The following post is extracted from a small notebook of mine that I used to carry around in my bookbag precisely in order to capture such thoughts that were stimulated by my reading or conversations. This entry, germane to John Hobbins’ Thinking About Canon conversation, was written 21 August 1999, beginning at 3:25 pm, at home. I have edited the original slightly, expanding abbreviations and such, and bringing the whole more in line with my current thoughts on the subject, deleting some extraneous, distracting passages along the way.

On the Confusion of “Canon”
There are two approaches:
1.) The canon is that of my church tradition only.
2.) The canon is that of all the churches: it includes every work that every tradition holds in its canon.

The second is purely my own ideal, but one that I think is valid philosophically, ecumenically, and kindly. To reject a book held sacred by another church is to reject that church. Whether one accepts that all of these are the Body of Christ or not, one cannot ignore them or their practices, traditions, arts and their canon. The result of learning the canons of the churches has been, for me, often surprising, and always enlightening. And that’s simply at the current stage of history! Seeing in older writings various other books being accepted in various traditions and in various ways adds yet another dimension (or layer of confusion!) to the understanding.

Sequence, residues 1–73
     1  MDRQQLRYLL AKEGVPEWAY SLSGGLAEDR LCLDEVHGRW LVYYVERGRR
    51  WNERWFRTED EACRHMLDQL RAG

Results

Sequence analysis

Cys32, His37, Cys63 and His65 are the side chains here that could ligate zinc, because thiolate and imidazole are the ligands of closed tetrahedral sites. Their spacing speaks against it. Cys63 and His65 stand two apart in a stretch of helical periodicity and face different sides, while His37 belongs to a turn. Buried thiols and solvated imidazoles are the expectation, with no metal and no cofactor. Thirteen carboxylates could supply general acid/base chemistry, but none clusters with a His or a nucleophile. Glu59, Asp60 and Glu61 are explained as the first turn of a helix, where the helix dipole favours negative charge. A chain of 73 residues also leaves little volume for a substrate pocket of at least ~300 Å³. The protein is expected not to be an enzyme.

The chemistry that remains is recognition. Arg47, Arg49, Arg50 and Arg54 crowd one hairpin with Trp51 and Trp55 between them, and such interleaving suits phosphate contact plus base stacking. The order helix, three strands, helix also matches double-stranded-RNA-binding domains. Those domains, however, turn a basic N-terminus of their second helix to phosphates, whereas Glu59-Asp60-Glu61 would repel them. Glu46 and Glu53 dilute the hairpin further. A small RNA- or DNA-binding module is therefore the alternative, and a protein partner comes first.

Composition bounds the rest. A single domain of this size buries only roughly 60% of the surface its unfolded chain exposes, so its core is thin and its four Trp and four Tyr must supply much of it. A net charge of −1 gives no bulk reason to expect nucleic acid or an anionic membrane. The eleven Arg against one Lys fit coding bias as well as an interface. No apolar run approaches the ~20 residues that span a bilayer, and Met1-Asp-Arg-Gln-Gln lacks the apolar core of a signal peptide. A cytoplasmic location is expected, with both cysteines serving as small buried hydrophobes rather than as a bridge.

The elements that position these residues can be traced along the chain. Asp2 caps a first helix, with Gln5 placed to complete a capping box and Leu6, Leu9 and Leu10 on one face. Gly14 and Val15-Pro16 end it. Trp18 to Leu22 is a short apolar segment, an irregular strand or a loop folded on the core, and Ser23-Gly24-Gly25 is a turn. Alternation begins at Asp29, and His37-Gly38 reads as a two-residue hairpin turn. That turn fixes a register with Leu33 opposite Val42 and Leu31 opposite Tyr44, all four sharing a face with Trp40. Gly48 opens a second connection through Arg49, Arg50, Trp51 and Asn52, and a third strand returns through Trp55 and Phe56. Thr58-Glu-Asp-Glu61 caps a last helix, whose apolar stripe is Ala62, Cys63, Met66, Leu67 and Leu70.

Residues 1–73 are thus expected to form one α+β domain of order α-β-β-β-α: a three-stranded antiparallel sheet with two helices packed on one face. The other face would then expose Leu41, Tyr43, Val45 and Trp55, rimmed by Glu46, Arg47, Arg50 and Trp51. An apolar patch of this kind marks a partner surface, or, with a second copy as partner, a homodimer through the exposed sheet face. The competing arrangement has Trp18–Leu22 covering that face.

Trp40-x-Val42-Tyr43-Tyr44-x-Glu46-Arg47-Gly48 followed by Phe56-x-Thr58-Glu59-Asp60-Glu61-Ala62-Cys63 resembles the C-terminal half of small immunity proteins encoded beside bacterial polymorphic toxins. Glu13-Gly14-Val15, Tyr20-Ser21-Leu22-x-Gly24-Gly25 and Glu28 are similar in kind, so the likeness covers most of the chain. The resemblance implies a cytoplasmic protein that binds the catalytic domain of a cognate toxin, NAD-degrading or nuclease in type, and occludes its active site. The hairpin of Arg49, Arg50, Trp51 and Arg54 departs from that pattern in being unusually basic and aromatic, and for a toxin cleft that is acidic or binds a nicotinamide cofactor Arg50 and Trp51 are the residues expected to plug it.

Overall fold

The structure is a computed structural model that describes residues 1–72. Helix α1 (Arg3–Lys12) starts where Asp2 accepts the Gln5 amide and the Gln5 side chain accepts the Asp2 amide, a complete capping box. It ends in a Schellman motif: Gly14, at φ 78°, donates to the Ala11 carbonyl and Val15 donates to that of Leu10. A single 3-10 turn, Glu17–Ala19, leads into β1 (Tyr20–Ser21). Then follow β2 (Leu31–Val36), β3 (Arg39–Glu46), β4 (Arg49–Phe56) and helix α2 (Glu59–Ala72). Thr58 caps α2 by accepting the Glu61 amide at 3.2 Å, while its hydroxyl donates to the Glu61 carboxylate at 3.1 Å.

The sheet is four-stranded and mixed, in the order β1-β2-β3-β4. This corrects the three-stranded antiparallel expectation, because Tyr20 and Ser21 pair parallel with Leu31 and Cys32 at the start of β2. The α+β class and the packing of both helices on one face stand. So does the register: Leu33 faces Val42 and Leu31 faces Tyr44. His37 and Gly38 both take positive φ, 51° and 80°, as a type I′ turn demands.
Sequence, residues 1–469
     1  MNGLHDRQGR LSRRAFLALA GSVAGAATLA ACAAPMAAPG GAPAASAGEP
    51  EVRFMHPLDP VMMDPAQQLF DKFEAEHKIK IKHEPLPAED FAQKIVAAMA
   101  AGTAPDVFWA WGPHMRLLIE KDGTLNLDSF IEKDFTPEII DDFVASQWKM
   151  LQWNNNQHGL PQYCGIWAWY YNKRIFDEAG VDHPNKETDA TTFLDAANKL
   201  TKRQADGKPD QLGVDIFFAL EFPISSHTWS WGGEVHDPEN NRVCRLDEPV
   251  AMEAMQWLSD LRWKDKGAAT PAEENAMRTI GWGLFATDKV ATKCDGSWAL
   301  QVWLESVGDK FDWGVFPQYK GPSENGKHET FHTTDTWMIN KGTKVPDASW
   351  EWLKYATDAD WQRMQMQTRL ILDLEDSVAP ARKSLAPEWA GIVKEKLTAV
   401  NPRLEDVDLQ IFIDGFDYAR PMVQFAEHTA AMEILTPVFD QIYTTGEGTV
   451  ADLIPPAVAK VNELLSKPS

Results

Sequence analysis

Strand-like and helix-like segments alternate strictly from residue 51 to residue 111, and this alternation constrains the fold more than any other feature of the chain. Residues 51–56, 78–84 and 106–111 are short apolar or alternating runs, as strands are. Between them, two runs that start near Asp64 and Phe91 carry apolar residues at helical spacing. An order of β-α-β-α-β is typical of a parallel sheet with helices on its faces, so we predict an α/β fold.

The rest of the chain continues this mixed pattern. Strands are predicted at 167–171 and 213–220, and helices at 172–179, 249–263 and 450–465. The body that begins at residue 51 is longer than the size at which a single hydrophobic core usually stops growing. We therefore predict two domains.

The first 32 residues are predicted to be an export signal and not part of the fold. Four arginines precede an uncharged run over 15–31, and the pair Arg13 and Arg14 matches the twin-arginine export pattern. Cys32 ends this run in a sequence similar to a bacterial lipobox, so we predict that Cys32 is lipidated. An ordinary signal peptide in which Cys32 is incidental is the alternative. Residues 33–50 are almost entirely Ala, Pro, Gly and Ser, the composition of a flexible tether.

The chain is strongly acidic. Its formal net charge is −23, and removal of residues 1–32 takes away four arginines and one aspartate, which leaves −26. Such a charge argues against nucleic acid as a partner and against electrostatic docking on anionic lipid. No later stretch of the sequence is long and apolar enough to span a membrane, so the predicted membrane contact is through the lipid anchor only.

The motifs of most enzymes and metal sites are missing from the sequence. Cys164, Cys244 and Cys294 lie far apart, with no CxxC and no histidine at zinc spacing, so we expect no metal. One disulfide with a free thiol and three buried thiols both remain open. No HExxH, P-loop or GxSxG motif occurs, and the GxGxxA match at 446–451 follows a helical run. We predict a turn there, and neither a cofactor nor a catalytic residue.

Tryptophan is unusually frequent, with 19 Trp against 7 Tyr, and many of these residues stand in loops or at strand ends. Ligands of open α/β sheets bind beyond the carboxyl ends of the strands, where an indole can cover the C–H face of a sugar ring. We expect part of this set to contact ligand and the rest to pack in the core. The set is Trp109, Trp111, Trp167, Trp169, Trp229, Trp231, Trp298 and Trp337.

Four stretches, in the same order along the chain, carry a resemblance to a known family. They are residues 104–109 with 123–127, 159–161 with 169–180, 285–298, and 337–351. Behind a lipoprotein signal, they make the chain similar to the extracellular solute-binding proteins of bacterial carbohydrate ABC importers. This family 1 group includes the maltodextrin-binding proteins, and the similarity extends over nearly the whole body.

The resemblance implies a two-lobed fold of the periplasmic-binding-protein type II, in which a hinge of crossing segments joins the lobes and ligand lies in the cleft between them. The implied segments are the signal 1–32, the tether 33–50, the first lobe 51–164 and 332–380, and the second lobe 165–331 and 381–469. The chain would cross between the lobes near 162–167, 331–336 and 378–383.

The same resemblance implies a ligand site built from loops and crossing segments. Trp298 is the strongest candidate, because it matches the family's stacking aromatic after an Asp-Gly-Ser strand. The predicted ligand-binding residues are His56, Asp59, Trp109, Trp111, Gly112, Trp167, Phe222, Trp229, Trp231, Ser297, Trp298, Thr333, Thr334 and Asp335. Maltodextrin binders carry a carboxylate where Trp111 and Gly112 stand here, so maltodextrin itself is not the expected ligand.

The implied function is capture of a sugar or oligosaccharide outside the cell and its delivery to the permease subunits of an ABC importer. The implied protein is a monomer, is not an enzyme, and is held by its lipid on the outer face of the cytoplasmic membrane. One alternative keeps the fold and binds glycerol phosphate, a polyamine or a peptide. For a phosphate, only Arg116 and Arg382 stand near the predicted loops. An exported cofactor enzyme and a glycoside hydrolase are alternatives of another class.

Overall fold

I can see several approaches, all of which require a certain amount of dilgence:
1.) Extreme familiarity with ALL the books is required.
2.) Doctrinal arguments, in seeking scriptural referents, should seek them only in that group of books which is common to all (basically the Protestant canon of 39 OT/27 NT books).
3.) Books which we still possess (sadly, so many have been lost) and which at one time were held to be canonical, should be included in some way. Also, some books were approved for reading (church or private), though not canonized, and these too should be included in some fashion. Then, too, various manuscripts of the Bible include various books not usually canonical, and yet there they are! These, too, must play a role.
4.) I think that three levels are called for: